In this Greek-dominated world, the apostles quoted the Septuagint whenever they referenced the Old Testament. Furthermore, at that point, it made sense to write any new text (the New Testament) in Greek. Not only did most Jewish people not know Hebrew anymore, but also the New Testament was intended for anyone open to its message – Jew or Gentile: Greek was the obvious language choice.
The Israel Institute of Biblical Studies is an online learning website that has a close relationship with the Hebrew University of Jerusalem. The Israel Institute’s Department of Biblical Languages offers courses of study in Biblical Hebrew, Biblical Greek, Biblical Aramaic, Modern Hebrew, and even Yiddish.
These courses are fully accredited and give you three credits per course from the Hebrew University of Jerusalem. They might even give you credit at other universities, too; however, you should check with individual universities/programs to be sure.
While the Israel Institute’s courses only take a few hours of work per week, they are designed for motivated students. A relatively large amount of information is covered in a short time, and instructors are available to lead group discussion sessions. These are high-quality online programs with higher-than-average instructor involvement.
That said, these courses offer the usual benefits of online education: the courses are recorded and so the hours are flexible, the tuition is manageable, and you can learn anywhere you get internet access. The only exception to this is that group discussions have to happen with the group, so take this into consideration as you are planning your enrollment in a course.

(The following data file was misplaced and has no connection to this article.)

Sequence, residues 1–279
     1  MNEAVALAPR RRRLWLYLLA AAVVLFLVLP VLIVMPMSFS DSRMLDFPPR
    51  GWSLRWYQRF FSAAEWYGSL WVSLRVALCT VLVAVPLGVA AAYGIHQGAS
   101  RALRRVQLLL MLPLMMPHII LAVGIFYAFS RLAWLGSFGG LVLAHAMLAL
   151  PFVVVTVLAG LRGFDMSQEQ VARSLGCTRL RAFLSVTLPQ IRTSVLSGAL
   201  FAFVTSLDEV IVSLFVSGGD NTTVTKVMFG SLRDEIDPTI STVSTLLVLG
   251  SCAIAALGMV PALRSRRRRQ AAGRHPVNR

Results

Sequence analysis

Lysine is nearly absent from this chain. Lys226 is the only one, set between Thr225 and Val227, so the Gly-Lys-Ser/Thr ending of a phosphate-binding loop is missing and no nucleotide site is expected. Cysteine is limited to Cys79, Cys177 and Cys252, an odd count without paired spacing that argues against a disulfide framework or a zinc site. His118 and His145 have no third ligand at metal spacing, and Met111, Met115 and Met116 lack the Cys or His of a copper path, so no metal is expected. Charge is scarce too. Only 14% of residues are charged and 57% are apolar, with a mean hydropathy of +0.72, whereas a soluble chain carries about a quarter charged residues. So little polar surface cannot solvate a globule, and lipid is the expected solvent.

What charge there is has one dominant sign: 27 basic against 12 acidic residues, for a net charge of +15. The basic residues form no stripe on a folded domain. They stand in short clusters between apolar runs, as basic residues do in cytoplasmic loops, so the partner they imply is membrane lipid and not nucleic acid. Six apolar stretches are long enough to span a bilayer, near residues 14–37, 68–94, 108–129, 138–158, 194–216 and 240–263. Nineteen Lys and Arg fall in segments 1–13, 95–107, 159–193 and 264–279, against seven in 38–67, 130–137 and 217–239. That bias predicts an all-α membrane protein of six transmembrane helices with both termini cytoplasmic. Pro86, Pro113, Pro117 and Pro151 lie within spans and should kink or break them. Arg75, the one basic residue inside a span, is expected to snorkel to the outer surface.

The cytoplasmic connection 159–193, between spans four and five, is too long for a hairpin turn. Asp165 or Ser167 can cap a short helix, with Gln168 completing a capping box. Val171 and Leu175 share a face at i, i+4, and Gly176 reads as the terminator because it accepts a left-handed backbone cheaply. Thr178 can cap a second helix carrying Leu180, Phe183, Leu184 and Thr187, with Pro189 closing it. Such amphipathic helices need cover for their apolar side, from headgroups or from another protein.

Biblical Greek: the Entire Curriculum
The Israel Institute’s Biblical Greek curriculum comprises 2 courses – the first one leveled at “beginner” and the second leveled at “improved.” However, this short Greek program is still extensive: both courses take about 9 months to complete and cover a considerable amount of material each week. By the end, you will be able to understand the nuances of Greek expression and understand translation choices applied to the Bible.
The Greek featured in these courses is Koine Greek – the Greek used in the Septuagint and New Testament. Koine Greek could be considered a “later-ancient” version of Greek that was dominant during the Hellenistic Period and the Apostolic Age. It maintained prominence during both the expansion and division of the Roman Empire – especially in the Byzantine (Eastern Roman) Empire; in fact, it still is the language of the Greek Orthodox Church.
Throughout both courses, cultural, historical, artistic, as well as biblical elements are featured, so it is easy to keep the course in context. This is a great curriculum for someone looking to gain skill in ancient Greek/ancient languages and linguistics, Jewish and/or Christian studies, theology/religious studies, and even archeology. Prominent works of Christian and Jewish art history are featured, as are prominent sites of Christian and Jewish archeology – including those from the Eastern/Byzantine tradition.
Beginning with Biblical Greek